What Are The Chances of Getting Pregnant After A Miscarriage?

The good news is that after one or even two miscarriages the chances of a normal full term pregnancy is still excellent (80% to 90%).

Therefore it is only after three consecutive miscarriages that investigations will normally be done.

Although the physical recovery only takes a few days, the intense feeling of loss can evoke emotions such as sadness, guilt and anger. You need time to work through these emotions, so don’t rush your grieving process.

Talk about your feelings and allow yourself to experience them fully – it is the best medicine!

But if you are having trouble coping, please talk to your doctor or a counselor – you may need that extra support.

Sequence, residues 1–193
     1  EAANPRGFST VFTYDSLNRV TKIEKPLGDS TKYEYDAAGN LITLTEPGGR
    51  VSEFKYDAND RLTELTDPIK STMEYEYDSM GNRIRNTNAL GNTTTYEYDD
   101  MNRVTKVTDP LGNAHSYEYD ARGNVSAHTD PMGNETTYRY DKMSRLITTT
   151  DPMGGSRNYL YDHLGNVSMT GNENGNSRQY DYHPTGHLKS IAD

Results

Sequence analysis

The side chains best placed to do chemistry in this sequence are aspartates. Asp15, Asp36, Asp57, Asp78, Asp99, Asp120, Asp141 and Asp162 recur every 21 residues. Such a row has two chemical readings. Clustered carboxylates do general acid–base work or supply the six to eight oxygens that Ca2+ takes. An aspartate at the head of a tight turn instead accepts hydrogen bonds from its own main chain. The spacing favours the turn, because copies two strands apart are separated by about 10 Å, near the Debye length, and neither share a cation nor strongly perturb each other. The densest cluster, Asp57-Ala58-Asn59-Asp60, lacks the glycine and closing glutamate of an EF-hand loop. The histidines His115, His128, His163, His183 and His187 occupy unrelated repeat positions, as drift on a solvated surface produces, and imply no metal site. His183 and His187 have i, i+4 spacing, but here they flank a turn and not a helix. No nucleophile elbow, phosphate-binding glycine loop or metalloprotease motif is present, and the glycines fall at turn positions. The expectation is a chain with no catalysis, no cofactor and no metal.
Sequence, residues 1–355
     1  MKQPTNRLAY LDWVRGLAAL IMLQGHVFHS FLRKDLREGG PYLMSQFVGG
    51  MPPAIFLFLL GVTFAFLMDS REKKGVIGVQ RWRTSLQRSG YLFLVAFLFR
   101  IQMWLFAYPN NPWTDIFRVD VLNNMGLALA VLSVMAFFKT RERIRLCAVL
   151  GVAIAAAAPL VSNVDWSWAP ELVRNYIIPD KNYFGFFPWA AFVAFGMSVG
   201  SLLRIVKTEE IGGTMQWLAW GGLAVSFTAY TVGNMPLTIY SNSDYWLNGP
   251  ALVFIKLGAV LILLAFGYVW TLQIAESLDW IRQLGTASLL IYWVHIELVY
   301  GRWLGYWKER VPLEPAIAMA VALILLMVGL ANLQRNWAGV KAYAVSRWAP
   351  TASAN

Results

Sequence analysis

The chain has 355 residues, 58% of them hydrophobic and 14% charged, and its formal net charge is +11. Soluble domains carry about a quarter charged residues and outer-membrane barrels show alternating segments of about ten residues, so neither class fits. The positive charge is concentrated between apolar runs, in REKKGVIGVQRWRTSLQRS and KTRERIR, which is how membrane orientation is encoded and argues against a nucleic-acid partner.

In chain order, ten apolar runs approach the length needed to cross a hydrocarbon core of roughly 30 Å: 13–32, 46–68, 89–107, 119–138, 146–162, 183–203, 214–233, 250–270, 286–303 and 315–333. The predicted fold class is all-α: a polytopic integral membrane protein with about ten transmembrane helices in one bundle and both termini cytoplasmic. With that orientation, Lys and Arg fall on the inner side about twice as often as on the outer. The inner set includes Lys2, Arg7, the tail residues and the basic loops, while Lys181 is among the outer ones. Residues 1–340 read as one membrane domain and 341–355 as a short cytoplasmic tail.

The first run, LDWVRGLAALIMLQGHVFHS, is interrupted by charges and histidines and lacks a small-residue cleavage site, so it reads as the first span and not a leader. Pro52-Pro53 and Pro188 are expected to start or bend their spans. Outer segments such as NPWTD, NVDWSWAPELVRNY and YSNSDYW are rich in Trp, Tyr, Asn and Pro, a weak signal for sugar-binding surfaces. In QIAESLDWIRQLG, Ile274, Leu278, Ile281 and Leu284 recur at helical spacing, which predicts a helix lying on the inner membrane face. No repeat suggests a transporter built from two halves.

What Happens After A Miscarriage?

Your menstrual cycle should resume its normal pattern within 4 to 6 weeks.

Most health care providers recommend you wait for between one to three menstrual cycles before trying to conceive again. However, if you are healthy and emotionally ready, then go for it.

Once you become pregnant again, you may be scared, anxious and reluctant to tell anyone to start with – that is perfectly normal. I did not announce my subsequent pregnancy until after the first ultrasound – even then it was only to family. But you will eventually get to the point where you start getting excited – this time it is happening!